The SuccessCare Program
The SuccessCare Program


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What to Look for in a Family Business Consultant


Published by Family Business Magazine

In the past two decades a new type of professional has been knocking at the door of the family business market, offering to lead struggling family firms toward the Promised Land of business continuity and family harmony. Some business owners may be wondering what a family business consultant does and how to find one who is qualified and right for their family. Why do some family businesses need yet another consultant in addition to their traditional advisors - or do they? What sorts of questions can you ask in an interview to find out whether a candidate for a consulting job is, in fact, qualified and able to help you? What sorts of fees can you expect to pay?

To answer some of these questions, Family Business Magazine recently convened a panel of five professionals prominent in the field. The panelists were Thomas D. Davidow of Genus Resources, Nancy Bowman Upton, founder of the Institute for Family Business at Baylor University, Dirk R. Dreux, IV, formerly of U.S. Trust Co., and Ernesto Posa of Bain & Company. Following are some highlights from their discussion.

Family Business Consultants work with clients to address ownership and management issues as well as family issues. They may deal with questions of succession, authority and business responsibility, job descriptions and compensation. They should not be selling legal services nor should they be selling a product. The consultant should be very straightforward about any conflicts of interest. If they are selling insurance, they should tell you that. The best safeguard against disappointment is to be an informed client. Eventually, successful family businesses must ask themselves how they plan to finance their retirement. Where is the liquidity going to come from? "These are the issues I deal with," says Dirk Dreux, "and I leave the other issues to someone else." The role of family business advisor is closest to that of a rabbi, a minister or a priest, in that we pay attention to the whole person - in this case, the family and the business, with the focus on family harmony and business continuity. According to Nancy Upton, the most common reason for a family to hire a family business consultant is that they are having a problem in their relationships with each other. Rarely do they ask for help in solving a problem with cash flow or financing and the like. An advantage to hiring a consultant rather than using your lawyer or the accountant or some other traditional advisor is that a new intervenor can ask naive questions that other people do not think to ask, or because they've been over this ground before and it's a closed issue for them.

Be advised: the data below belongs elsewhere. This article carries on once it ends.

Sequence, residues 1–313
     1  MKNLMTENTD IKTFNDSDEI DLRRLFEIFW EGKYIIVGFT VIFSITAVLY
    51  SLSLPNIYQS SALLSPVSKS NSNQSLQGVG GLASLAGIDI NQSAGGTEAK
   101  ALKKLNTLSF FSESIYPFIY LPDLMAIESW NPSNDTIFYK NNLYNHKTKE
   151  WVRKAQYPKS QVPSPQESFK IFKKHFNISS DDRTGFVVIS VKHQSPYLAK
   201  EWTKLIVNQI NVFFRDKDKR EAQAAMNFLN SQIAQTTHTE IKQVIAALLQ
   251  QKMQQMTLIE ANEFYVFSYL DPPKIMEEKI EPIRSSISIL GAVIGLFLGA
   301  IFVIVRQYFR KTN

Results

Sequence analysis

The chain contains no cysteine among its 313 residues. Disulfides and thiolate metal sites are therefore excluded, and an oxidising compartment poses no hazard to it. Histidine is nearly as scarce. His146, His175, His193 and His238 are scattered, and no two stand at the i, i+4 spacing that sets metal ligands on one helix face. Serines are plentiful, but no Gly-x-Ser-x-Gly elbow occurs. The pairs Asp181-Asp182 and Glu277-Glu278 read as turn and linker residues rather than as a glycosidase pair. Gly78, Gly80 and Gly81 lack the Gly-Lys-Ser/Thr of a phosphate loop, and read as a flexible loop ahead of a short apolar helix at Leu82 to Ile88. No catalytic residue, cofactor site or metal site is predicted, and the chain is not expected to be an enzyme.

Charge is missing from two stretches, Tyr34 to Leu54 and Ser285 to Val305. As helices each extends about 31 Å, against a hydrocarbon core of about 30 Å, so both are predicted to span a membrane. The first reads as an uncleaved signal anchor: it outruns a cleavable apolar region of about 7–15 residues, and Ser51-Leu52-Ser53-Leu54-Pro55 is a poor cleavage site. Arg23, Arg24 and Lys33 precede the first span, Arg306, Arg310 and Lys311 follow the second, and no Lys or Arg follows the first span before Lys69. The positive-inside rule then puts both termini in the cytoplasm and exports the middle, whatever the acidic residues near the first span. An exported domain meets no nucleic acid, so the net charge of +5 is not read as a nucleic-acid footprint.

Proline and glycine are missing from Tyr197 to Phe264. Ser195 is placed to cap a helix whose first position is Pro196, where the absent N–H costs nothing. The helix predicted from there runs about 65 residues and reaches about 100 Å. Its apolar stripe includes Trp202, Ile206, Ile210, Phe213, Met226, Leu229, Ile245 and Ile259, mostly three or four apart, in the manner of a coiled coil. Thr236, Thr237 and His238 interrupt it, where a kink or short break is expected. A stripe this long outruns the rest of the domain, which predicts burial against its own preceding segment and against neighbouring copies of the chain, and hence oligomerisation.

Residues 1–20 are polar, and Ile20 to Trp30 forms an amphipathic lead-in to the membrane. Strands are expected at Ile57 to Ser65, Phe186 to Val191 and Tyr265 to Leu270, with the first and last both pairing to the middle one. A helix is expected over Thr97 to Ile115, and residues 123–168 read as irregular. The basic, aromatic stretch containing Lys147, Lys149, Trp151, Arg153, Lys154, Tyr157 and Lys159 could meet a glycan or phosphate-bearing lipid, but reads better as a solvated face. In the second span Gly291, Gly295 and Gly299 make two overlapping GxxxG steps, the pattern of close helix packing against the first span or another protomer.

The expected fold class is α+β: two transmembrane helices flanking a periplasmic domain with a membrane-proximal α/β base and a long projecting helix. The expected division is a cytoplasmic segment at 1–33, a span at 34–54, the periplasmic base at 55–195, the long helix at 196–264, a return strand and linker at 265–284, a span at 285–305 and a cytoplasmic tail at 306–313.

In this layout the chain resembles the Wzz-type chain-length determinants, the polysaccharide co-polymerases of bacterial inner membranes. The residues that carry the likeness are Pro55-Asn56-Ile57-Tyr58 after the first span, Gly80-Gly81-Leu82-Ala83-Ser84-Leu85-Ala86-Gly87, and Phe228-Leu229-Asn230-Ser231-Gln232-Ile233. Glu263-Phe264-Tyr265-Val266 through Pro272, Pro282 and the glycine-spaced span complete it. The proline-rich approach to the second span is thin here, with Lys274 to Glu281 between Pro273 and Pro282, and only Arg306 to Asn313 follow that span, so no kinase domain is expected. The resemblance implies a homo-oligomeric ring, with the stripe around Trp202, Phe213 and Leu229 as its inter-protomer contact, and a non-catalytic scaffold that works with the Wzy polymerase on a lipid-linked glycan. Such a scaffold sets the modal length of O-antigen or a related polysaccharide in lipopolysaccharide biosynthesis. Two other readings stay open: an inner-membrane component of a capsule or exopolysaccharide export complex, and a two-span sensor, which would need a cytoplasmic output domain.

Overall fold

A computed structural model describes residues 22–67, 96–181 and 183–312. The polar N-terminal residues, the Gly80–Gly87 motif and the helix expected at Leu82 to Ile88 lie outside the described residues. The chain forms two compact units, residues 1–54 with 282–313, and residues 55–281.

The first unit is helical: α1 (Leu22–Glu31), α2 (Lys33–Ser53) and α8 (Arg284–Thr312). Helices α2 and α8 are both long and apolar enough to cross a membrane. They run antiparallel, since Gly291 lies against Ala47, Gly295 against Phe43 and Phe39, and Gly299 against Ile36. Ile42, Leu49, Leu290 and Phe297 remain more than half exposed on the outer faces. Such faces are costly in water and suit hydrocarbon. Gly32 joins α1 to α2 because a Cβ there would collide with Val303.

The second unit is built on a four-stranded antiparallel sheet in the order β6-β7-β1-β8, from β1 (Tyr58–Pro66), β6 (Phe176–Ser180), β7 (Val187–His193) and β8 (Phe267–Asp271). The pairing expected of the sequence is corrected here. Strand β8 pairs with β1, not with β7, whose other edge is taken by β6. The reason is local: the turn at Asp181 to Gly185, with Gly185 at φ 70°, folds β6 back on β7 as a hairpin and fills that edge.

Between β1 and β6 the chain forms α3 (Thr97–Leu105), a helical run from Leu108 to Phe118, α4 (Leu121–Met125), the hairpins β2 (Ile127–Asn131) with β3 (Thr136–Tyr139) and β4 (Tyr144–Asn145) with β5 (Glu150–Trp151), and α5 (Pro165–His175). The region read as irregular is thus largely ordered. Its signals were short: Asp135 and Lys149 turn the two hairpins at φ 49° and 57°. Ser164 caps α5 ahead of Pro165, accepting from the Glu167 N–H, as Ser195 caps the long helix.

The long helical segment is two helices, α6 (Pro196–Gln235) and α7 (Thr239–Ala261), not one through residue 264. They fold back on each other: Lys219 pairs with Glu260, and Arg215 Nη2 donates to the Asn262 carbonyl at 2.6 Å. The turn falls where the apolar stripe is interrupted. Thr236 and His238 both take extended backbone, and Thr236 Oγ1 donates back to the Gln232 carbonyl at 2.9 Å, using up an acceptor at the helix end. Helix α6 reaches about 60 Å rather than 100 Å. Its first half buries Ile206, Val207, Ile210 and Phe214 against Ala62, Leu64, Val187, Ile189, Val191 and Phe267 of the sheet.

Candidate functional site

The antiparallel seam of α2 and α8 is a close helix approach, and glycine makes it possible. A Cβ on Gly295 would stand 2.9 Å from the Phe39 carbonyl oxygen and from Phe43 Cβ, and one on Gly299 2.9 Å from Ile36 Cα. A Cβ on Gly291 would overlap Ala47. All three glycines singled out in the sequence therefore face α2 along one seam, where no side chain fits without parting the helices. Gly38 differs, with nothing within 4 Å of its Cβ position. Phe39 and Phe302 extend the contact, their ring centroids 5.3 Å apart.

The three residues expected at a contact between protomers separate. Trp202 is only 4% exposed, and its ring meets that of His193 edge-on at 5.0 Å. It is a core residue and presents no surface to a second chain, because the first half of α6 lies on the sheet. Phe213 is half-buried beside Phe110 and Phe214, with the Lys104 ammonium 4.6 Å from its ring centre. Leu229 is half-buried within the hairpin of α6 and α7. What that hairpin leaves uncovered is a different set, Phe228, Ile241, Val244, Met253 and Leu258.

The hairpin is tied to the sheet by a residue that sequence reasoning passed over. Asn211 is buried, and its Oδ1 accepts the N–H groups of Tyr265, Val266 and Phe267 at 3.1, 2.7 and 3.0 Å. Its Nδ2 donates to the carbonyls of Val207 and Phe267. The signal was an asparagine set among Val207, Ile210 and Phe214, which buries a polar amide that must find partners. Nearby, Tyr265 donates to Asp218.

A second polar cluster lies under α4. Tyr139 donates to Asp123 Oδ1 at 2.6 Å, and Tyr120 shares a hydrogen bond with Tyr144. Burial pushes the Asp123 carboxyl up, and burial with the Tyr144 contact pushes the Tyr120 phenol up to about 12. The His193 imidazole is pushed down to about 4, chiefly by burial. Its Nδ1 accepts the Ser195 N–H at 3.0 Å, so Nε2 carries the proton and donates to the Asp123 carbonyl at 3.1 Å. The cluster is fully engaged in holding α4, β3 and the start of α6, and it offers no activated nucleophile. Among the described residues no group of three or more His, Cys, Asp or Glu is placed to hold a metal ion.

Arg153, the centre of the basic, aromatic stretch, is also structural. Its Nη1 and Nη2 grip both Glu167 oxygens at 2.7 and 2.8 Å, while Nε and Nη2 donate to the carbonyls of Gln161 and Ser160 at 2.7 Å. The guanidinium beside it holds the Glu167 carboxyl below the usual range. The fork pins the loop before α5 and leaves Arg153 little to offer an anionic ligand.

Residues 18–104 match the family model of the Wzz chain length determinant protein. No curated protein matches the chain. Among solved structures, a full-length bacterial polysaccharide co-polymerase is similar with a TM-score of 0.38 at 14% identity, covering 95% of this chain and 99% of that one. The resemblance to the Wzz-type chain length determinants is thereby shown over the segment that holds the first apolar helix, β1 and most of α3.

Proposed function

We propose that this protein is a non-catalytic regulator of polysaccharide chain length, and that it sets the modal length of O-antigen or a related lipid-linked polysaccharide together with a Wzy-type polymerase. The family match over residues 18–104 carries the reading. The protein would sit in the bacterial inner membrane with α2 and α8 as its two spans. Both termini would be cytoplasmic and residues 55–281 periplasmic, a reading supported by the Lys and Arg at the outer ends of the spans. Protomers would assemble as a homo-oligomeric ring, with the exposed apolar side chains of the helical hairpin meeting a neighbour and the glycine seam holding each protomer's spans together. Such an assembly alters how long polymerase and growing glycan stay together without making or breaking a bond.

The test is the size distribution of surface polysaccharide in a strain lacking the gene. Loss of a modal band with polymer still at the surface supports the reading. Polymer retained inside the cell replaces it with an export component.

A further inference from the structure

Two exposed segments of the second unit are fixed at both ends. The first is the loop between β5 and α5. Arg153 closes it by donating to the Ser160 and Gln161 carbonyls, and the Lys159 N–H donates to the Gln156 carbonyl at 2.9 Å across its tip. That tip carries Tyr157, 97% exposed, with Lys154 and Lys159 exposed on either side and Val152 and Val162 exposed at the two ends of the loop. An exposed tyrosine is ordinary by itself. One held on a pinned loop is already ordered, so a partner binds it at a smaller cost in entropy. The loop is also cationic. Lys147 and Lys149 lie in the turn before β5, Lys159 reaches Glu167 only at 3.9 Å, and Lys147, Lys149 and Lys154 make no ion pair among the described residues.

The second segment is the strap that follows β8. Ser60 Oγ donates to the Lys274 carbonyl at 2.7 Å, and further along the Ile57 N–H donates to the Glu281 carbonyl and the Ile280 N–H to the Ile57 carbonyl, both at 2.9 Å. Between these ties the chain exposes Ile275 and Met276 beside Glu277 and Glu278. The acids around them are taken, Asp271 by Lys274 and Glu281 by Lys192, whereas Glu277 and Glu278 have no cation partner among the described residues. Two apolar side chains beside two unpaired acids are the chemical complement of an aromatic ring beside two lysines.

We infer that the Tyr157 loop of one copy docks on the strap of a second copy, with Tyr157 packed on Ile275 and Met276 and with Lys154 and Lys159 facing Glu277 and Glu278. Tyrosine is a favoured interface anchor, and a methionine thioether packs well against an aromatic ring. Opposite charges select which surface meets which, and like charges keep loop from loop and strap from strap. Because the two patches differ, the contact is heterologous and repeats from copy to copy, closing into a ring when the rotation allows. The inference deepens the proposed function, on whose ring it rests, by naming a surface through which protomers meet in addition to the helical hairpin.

What can you expect to pay a family business consultant? Fees range anywhere from $1,500US to $3,000US a day. Often, however, a consultant will present a proposal and fee based on your specific project. Some projects take 90 to 180 days to complete, depending upon the complexity of the issues being addressed. The consultant will submit a letter to the client which outlines their understanding of the issues, what they are able to do, what is going to be accomplished and what it will cost. Some problems are broad and complex and require an ongoing process.

The panel agreed that your interests as a client will be protected if you keep the following questions in mind when shopping for a consultant:

  1. Training and experience.Does the consultant have an advanced degree in at least one professional discipline related to family businesses? How long has the person been doing this kind of work? Does the person's background suggest he or she looks at business and family issues as a whole?
  2. Conflicts of interest.Does the person have other sources of income besides what he or she receives from clients? Is he or she selling a product as well as consulting?
  3. Results.How long will the consulting process take, and how will successful outcomes be defined and measured? What is the consultant's success/failure rate?
  4. Fees.How will the consultant bill - by the day, the hour, a fixed fee, an agree-upon schedule of phased fees? Will "the meter" be on only during sessions with the client, or at other times, too, for example, when advice is given over the phone.
  5. Neutrality.Who is considered the client? The business, the owner, the family members? How will the person go about gaining the commitment to the process of all the key players?
  6. Personal qualities.Does the person relate well to all generations and both genders? Does his or her behavior in the initial session show an ability to create a comfortable, secure atmosphere in which family members can talk freely and candidly?
  7. Industry knowledge.Does the person either have some experience in the client's industry or demonstrate an ability to quickly digest what he or she needs to know?
  8. Values.Are the person's cultural values as well as other interests similar enough to those of the family to permit a comfortable and harmonious relationship?
  9. Other advisors.How will the consultant relate to the family's other advisors? What types of other experts - strategic planners, bankers, valuation specialists - might be needed to assist the consulting process?
  10. Structures. After the consulting is over, will there be mechanisms in place - an outside board, family council, retreats - that will enable the family to resolve difficult issues by themselves?

Once you have the answers to these questions, you will know whether you have the best candidate based on the consultant's compatibility with your family and their knowledge of your industry. Only then can you feel confident that they will lead you to the Promised Land.




  
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